progress, headphones edition

It looks like Intel is joining the bandwagon of people that want to take away the analog 3.5mm “headphone jack” and replace it with USB-C. This is on the heels of Apple announcing that this is definitely happening, whether you like it or not.

obsolete technology
obsolete technology

There are a lot of good rants out there already, so I don’t think I can really add much, but I just want to say that this does sadden me. It’s not about analog v. digital per se, but about simple v. complex and open v. closed.

The headphone jack is a model of simplicity. Two signals and a ground. You can hack it. You can use it for other purposes besides audio. You can get a “guzinta” or “guzoutta” adapter to match pretty much anything in the universe old or new — and if you can’t get it, you can make it. Also, it sounds Just Fine.

Now, I’m not just being ant-change. Before the 1/8″ stereo jack, we had the 1/4″ stereo jack. And before that we had mono jacks, and before that, strings and cans. And all those changes have been good. And maybe this change will be good, too.

But this transition will cost us something. For one, it just won’t work as well. USB is actually a fiendishly complex specification, and you can bet there will be bugs. Prepare for hangs, hiccups, and snits. And of course, none of the traditional problems with headphones are eliminated: loose connectors, dodgy wires, etc. On top of this, there will be, sure as the sun rises, digital rights management, and multiple attempts to control how and when you listen to music. Prepare to find headphones that only work with certain brands of players and vice versa. (Apple already requires all manufacturers of devices that want to interface digitally with the iThings to buy and use a special encryption chip from Apple — under license, natch.)

And for nerd/makers, who just want to connect their hoozyjigger to their whatsamaducky, well, it could be the end of the line entirely. For the time being, while everyone has analog headphones, there will be people selling USB-C audio converter thingies — a clunky, additional lump between devices. But as “all digital” headphones become more ubiquitous, those adapters will likely disappear, too.

Of course, we’ll always be able to crack open a pair of cheap headphones and steal the signal from the speakers themselves … until the neural interfaces arrive, that is.

EDIT: 4/28 8:41pm: Actually, the USB-C spec does allow analog on some of the pins as a “side-band” signal. Not sure how much uptake we’ll see of that particular mode.


Inferencing from Big Data

Last week, I came across this interesting piece on the perils of using “big data” to draw conclusions about the world. It analyzes, among other things, the situation of Google Flu Trends, the much heralded public health surveillance system that turned out to be mostly a predictor of winter (and has since been withdrawn).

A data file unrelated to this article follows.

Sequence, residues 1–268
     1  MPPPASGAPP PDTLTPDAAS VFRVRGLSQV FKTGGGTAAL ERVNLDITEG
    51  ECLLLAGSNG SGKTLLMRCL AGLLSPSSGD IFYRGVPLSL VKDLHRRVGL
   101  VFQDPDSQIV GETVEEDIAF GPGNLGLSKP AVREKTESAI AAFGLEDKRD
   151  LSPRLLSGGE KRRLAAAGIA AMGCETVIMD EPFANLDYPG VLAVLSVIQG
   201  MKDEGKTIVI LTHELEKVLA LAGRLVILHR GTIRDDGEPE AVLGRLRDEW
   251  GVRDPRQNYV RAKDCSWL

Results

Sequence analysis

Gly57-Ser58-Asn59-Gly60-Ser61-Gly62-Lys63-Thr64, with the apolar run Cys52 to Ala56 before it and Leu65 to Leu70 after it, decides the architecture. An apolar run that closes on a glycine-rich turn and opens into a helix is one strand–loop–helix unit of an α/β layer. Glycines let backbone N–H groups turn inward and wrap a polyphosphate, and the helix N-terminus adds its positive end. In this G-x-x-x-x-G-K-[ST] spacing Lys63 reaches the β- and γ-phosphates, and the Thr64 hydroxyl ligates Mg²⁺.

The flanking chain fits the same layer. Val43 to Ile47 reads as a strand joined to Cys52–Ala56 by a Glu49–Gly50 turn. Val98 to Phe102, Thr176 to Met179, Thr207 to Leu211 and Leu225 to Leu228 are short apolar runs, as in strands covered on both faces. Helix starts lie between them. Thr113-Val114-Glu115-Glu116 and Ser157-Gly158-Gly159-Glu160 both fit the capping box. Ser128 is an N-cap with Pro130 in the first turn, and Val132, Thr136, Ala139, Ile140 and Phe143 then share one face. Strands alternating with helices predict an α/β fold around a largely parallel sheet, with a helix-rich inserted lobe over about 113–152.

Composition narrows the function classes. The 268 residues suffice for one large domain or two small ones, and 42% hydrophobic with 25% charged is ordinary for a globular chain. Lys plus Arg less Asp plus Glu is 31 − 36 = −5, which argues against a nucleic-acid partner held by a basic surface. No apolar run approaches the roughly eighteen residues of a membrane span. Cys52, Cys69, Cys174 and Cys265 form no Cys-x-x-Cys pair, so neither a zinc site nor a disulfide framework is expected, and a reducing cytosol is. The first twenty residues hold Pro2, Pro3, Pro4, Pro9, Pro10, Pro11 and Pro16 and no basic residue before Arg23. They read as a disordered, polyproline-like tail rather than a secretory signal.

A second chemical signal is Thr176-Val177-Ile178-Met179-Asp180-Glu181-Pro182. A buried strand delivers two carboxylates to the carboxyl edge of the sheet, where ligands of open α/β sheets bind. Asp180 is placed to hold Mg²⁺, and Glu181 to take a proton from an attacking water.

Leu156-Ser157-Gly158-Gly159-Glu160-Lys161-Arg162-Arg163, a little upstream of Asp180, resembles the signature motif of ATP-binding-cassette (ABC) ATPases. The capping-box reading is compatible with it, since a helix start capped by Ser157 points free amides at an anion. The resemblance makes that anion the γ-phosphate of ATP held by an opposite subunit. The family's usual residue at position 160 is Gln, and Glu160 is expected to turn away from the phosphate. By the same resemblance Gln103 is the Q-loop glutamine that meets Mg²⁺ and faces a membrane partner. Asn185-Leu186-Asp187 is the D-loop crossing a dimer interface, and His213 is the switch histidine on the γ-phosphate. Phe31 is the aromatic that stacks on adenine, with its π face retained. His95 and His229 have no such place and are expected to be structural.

It seems to me that big data is a fun place to explore for patterns, and that’s all good, clean, fun — but it is the moment when you think you have discovered something new when the actual work really starts. I think “data scientists” are probably on top of this problem, but are most people going on about big data data scientists?

I really do not have all that much to add to the article, but I will amateurishly opine a bit about statistical inferencing generally:


I’ve taken several statistics courses over my life (high school, undergrad, grad). In each one, I thought I had a solid grasp of the material (and got an “A”), until I took the next one, where I realized that my previous understanding was embarrassingly incorrect. I see no particular reason to think this pattern would ever stop if I took ever more stats classes. The point is, stats is hard. Big data does not make stats easier.


If you throw a bunch of variables at a model, it will find some  that look like good predictors. This is true even if the variables are totally and utterly random and unrelated to the dependent variable (see try-it-at-home experiment below). Poking around in big data, unfortunately, only encourages people to do this and perhaps draw conclusions when they should not. So, if you are going to use big data, do have a plan in advance. Know what effect size would be “interesting” and disregard things well under that threshold, even if they appear to be “statistically significant.” Determine in advance how much power (and thus, observations) you should have to make your case, and sample from your ginormous set to a more appropriate size.


Big data sets seem like they were mostly created for other purposes than statistical inferencing. That makes them a form of convenience data. They might be big, but are the variables present really what you’re after? And was this data collected scientifically, in a manner designed to minimize bias? I’m told that collecting a quality data set takes effort (and money). If that’s so, it seems likely that the quality of your average big data set is low.